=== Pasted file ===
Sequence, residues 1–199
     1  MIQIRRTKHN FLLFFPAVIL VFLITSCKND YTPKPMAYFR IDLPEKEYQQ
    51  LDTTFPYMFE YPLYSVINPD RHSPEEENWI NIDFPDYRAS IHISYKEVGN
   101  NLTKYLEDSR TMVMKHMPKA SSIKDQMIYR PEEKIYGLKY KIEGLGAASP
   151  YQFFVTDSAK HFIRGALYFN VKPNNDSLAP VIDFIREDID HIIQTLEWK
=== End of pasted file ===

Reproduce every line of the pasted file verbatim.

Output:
Sequence, residues 1–199
     1  MIQIRRTKHN FLLFFPAVIL VFLITSCKND YTPKPMAYFR IDLPEKEYQQ
    51  LDTTFPYMFE YPLYSVINPD RHSPEEENWI NIDFPDYRAS IHISYKEVGN
   101  NLTKYLEDSR TMVMKHMPKA SSIKDQMIYR PEEKIYGLKY KIEGLGAASP
   151  YQFFVTDSAK HFIRGALYFN VKPNNDSLAP VIDFIREDID HIIQTLEWK